"We see an accelerating decline in coastal species over the last 1,000 years, resulting in the loss of biological filter capacity, nursery habitats and healthy fisheries," says coauthor Heike Lotze of Dalhousie University, who led the historical analysis of Chesapeake Bay, San Francisco Bay, the Bay of Fundy and the North Sea, among others.
The scientists note that a pressing question for management is whether losses can be reversed. If species have not been pushed too far down, recovery can be fast - but there is also a point of no return as seen with species such as northern Atlantic cod.
Examination of protected areas worldwide show that restoration of biodiversity increased productivity four-fold in terms of catch per unit effort and made ecosystems 21 percent less susceptible to environmental and human-caused fluctuations on average.
"The data show us it's not too late," says Worm. "We can turn this around. But less than one percent of the global ocean is effectively protected right now. We won't see complete recovery in one year, but in many cases species come back more quickly than people anticipated - in three to five to ten years. And where this has been done we see immediate economic benefits."
The buffering impact of species diversity also generates long-term insurance values that must be incorporated into future economic valuation and management decisions. "Although there are short-term economic costs associated with preservation of marine biodiversity, over the long term biodiversity conservation and economic development are complementary goals," says coauthor Ed Barbier, an economist from the University of Wyoming.
The authors conclude that restoring marine biodiversity through an ecosystem-based management approach-including integrated fisheries management, pollution control, maintenance of essential habitats and creation of marine reserves-is essential to avoid serious threats to global food security, coastal water quality and ecosystem stability.
"This isn't predicted to happen, this is happening now," says coauthor Nicola Beaumont, an ecological economist with the Plymouth Marine Laboratory. "If biodiversity continues to decline, the marine environment will not be able to sustain our way of life, indeed it may not be able to sustain our lives at all."
Scripps Institution of Oceanography at the University of California San Diego, is one of the oldest, largest, and most important centers for global science research and education in the world. Now in its second century of discovery, the scientific scope of the institution has grown to include biological, physical, chemical, geological, geophysical, and atmospheric studies of the earth as a system. Hundreds of research programs covering a wide range of scientific areas are under way today on every continent and in every ocean. The institution has a staff of more than 1,400 and annual expenditures of approximately $195 million from federal, state, and private sources. Scripps operates oceanographic research vessels recognized worldwide for their outstanding capabilities. Equipped with innovative instruments for ocean exploration, these ships constitute mobile laboratories and observatories that serve students and researchers from institutions throughout the world. Birch Aquarium at Scripps serves as the interpretive center of the institution and showcases Scripps research and a diverse array of marine life through exhibits and programming for more than 430,000 visitors each year. Learn more at scripps.ucsd.edu and follow us at Facebook, Twitter, and Instagram.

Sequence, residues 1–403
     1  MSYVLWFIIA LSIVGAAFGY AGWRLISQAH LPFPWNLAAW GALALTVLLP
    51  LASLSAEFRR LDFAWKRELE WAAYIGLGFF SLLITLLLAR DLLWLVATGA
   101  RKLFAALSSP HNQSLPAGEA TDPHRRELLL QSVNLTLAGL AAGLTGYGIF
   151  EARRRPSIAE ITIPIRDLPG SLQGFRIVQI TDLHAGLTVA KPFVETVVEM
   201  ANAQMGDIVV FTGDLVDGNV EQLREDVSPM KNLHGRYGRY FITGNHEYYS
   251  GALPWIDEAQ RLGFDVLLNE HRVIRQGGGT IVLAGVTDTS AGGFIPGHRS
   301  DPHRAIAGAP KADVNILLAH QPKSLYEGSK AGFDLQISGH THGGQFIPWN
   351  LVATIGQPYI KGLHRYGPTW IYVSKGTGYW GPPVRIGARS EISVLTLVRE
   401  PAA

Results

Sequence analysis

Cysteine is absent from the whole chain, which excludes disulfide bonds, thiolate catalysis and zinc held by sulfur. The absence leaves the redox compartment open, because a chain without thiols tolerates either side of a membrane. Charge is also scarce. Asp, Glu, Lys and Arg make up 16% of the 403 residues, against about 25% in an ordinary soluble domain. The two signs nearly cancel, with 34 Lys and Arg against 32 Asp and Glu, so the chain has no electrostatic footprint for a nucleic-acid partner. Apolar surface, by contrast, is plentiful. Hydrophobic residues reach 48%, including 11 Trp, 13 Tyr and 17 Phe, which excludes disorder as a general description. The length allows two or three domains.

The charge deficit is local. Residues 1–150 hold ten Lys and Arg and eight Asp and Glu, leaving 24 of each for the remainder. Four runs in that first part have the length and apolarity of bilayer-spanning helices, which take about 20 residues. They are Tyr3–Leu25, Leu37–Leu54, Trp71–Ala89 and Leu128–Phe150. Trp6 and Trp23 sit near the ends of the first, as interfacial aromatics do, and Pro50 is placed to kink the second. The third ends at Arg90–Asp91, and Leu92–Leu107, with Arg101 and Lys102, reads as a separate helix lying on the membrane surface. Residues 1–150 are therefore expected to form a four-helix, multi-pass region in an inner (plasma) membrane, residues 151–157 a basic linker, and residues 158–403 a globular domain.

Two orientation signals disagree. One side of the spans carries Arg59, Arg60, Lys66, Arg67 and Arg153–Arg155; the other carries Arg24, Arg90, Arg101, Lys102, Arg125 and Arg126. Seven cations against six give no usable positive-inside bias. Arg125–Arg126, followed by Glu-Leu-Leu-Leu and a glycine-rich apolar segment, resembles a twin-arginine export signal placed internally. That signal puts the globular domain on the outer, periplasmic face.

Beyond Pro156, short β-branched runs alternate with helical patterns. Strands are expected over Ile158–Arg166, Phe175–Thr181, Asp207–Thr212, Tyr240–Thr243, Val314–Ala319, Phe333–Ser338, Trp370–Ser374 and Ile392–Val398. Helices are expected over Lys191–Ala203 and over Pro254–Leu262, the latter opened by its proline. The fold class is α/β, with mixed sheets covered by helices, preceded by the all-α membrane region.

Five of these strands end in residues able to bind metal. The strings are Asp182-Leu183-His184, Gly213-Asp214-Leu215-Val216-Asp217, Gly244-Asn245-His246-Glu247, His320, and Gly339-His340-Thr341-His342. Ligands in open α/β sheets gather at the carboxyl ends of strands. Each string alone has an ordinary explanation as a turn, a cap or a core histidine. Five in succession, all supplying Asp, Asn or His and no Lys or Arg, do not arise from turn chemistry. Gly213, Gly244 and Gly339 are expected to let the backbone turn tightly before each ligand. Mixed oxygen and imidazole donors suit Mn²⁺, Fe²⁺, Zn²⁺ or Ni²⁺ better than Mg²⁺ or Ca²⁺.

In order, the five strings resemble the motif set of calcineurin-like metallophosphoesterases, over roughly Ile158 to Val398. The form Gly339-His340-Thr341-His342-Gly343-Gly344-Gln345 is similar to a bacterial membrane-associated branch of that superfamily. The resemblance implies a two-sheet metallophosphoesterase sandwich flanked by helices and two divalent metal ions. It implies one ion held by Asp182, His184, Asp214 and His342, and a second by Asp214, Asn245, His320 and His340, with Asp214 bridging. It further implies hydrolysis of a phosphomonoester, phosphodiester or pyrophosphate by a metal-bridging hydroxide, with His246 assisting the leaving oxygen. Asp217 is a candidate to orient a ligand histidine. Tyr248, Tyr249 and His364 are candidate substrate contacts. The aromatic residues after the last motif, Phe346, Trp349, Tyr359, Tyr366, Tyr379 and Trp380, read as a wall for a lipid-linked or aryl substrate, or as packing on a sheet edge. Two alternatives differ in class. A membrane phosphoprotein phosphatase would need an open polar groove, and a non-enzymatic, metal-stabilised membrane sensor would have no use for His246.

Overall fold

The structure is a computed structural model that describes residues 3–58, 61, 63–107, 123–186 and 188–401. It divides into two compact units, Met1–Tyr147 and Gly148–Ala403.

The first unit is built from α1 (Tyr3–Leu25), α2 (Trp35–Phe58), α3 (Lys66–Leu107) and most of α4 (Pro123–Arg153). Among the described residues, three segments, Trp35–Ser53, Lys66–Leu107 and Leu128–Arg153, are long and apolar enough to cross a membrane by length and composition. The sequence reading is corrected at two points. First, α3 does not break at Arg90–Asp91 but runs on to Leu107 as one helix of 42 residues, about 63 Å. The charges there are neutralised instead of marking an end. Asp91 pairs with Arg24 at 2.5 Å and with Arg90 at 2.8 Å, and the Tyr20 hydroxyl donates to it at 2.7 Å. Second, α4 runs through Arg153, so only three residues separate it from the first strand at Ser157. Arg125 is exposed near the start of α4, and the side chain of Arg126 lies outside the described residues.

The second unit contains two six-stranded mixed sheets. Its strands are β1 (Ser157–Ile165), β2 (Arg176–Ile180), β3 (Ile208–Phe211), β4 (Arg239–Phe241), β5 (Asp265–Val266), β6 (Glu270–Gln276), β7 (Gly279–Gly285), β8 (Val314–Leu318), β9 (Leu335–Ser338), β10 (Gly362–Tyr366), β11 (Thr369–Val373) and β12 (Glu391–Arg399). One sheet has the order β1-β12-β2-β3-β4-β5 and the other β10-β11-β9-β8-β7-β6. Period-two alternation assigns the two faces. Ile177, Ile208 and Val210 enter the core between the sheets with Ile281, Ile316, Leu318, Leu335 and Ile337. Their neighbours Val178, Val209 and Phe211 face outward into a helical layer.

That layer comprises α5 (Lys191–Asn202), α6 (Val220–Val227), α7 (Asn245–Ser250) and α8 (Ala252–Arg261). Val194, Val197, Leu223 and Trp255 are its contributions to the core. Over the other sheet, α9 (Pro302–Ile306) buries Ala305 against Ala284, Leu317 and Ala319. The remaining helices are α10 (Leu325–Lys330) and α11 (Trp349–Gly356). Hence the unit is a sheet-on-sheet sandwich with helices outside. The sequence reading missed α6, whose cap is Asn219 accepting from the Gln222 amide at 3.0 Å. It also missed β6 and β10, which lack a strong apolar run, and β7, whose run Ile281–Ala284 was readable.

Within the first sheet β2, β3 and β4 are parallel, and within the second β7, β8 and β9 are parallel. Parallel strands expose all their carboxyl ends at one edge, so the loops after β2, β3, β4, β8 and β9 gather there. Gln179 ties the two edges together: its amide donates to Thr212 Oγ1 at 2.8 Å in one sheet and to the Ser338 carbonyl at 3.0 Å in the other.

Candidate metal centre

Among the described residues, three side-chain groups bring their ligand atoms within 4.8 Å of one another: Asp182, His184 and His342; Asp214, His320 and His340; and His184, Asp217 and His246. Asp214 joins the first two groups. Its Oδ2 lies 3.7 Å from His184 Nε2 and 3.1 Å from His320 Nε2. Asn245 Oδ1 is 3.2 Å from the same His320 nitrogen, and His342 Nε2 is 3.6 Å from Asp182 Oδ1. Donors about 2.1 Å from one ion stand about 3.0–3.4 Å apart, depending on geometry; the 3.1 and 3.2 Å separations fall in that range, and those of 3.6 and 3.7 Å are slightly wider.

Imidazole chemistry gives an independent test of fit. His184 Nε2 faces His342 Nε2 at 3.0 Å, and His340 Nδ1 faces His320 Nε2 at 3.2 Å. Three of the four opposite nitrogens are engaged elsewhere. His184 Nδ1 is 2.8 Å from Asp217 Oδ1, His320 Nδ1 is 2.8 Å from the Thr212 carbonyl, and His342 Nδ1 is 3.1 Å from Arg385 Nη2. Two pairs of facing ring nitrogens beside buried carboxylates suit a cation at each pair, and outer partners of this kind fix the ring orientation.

About UC San Diego
At the University of California San Diego, we constantly push boundaries and challenge expectations. Established in 1960, UC San Diego has been shaped by exceptional scholars who aren’t afraid to take risks and redefine conventional wisdom. Today, as one of the top 15 research universities in the world, we are driving innovation and change to advance society, propel economic growth, and make our world a better place. Learn more at www.ucsd.edu.